Much better than the Da Vinci Code, but this isn’t exactly the definitive work on science vs. faith, either.
Harvard professor Robert Langdon (Tom Hanks), head of the non-existent Symbology Dept. (go ahead, look it up) is tapped by the Vatican police to look into a mysterious message. At the same time, CERN physicist Vittoria Vetra (Ayelet Zurer, too good looking to be a physicist) discovers a dead colleague and that a bit of harvested anti-matter has gone missing. If all this wasn’t enough, the previous Pope died recently and all Cardinals have been recalled to Vatican city, and THEN a video showing the four most eligible Cardinals have been kidnapped to be made examples of before destroying Vatican City with (you guessed it) an anti-matter bomb. Will Robert Langdon be able to solve the mystery with his Sampson-like hair cut off and possibly get a love scene out of the physicist?
As a new movie opening this weekend, the buzz in my circles has been, well, nil. When I remind people that it’s a prequel to The Da Vinci Code, two questions usually follow: did they fix Tom Hanks hair, and does that mean it happened first? Yes they did, and no it didn’t. Sure, Wolverine and Star Trek got out of the gate first, but this is Ron Howard directing Tom Hanks. Are they simply advertising to a different audience, or does the studio feel this combination is already unbeatable? Having watched the film, it could have benefited from a little more advertising as to what the central theme is really about.
Once again, Langdon is pitted against a secret society, this time the oft-used Illuminati (hey, the best trick the Devil ever pulled was convincing the world he didn’t exist, right?) What follows is an abridged versions of what the Large Hadron Collider at CERN is supposed to do (which, as of this review, still hasn’t been able to do) and a centuries-old revenge scheme about the Vatican covering up the original works of Galileo because of how they opposed church doctrine. Of course, the underlying story here isn’t as black or white as The Da Vinci Code or even as polarizing as pro-choice vs pro-life. It deals with fundamental doctrine: the betterment of mankind through prospected science or introspected faith.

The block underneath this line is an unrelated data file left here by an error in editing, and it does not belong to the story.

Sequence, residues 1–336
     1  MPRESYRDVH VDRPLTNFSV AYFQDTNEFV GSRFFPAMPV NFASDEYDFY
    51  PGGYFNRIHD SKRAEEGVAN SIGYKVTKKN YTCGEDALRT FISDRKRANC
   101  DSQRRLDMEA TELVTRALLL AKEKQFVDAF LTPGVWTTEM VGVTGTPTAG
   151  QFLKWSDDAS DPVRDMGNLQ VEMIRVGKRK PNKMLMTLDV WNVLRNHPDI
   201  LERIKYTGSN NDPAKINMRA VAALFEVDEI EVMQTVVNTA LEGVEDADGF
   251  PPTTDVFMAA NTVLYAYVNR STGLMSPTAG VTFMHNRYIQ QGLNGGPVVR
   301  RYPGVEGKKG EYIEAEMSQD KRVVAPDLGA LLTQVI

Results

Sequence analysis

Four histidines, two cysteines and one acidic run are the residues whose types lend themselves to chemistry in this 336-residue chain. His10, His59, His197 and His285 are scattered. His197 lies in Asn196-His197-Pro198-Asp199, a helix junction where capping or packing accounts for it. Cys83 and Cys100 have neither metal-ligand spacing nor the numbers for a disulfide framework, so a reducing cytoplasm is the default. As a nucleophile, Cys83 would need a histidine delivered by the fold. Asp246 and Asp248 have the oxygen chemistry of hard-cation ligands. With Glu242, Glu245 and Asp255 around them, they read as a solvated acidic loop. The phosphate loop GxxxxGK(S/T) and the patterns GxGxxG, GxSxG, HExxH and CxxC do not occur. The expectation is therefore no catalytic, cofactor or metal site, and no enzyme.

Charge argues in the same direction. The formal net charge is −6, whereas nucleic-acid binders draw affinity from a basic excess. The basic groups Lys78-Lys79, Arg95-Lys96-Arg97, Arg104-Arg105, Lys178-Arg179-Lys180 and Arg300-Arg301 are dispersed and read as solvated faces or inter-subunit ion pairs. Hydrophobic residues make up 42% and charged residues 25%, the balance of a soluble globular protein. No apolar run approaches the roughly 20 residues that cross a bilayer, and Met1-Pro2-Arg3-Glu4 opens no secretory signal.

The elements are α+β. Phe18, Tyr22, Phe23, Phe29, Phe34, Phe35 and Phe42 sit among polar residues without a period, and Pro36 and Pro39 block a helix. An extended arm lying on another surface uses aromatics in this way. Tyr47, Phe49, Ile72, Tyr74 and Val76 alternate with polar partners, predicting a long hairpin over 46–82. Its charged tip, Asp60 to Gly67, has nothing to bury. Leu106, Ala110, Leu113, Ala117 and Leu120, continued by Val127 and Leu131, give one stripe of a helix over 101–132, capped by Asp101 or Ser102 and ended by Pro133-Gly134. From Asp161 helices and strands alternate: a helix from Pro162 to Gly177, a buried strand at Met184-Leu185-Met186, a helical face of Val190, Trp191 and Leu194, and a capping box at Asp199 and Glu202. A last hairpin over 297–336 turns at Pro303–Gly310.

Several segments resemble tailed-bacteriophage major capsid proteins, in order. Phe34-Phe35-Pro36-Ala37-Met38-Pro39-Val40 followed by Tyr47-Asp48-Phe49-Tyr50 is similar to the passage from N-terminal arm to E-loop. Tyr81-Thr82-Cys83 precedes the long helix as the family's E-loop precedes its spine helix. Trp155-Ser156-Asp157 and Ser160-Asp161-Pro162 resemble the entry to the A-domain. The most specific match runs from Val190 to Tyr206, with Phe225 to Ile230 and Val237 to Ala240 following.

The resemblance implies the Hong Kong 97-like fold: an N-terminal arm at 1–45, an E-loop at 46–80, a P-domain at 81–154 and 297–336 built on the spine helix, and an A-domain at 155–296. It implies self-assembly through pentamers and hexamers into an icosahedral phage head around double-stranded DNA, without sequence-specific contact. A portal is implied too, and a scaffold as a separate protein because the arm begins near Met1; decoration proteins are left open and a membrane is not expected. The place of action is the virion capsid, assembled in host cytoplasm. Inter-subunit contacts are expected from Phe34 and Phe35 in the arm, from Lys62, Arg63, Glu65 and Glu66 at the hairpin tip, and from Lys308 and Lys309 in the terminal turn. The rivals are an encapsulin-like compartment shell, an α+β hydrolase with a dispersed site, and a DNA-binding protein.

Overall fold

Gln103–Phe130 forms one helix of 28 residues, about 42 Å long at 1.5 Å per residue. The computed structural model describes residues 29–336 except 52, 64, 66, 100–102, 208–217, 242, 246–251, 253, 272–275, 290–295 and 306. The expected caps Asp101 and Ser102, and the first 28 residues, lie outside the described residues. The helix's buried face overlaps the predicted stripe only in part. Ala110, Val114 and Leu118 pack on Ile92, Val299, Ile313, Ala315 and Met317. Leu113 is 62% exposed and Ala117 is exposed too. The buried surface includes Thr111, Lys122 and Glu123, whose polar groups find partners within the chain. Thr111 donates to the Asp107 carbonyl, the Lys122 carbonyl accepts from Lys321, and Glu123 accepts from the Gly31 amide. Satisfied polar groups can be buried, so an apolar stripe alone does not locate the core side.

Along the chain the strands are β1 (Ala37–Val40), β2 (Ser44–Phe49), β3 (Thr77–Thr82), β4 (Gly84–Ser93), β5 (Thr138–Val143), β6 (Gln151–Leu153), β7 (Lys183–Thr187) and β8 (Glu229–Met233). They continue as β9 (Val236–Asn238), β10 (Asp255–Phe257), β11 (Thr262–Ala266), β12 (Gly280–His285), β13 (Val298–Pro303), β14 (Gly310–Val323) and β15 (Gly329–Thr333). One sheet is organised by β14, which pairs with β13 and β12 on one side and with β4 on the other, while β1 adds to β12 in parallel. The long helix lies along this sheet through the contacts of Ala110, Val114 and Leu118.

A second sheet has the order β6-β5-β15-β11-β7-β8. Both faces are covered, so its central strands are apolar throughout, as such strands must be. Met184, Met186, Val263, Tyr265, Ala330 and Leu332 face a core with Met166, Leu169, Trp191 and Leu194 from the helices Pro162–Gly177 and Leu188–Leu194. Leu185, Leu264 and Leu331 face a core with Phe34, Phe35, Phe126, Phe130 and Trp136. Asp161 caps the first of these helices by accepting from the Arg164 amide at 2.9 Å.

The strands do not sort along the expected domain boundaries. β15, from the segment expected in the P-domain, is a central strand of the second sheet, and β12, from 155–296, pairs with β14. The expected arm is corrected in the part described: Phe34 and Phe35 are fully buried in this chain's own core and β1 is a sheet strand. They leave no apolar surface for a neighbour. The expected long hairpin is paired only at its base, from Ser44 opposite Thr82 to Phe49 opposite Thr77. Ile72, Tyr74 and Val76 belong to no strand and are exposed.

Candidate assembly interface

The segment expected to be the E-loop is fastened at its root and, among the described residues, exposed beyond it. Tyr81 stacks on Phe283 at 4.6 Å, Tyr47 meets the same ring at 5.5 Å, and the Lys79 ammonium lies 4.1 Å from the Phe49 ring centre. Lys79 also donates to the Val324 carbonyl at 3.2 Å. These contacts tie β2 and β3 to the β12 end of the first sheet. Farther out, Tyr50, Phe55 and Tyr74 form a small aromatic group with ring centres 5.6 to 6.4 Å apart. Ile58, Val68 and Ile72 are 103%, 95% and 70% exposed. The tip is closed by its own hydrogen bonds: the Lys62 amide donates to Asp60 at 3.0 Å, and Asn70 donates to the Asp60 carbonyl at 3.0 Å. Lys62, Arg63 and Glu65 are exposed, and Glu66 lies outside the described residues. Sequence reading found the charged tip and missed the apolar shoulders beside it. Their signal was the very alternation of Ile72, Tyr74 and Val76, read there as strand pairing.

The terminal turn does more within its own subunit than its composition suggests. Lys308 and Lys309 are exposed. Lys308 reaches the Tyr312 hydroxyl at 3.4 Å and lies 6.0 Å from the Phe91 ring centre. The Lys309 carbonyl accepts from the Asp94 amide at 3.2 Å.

There’s a lot more science in Dan Brown’s fiction this time around, and that’s where the film decidedly nukes the fridge. With everything at stake (including what’s really going on behind the scenes), the possibilities for anything like this coming together at all (let alone in a timely manner) are slim at best. And come on, how can you NOT hope for the chance to see an anti-matter explosion? What remains is a far-fetched but watchable thriller mixed with a enough history to make it interesting but not compelling (you know, like National Treasure, but without Nicolas Cage). But if Dan Brown, Ron Howard, and Tom Hanks get in line for thirds, enough with the European churches hiding secret societies, okay?
(a two and a half skull recommendation out of four)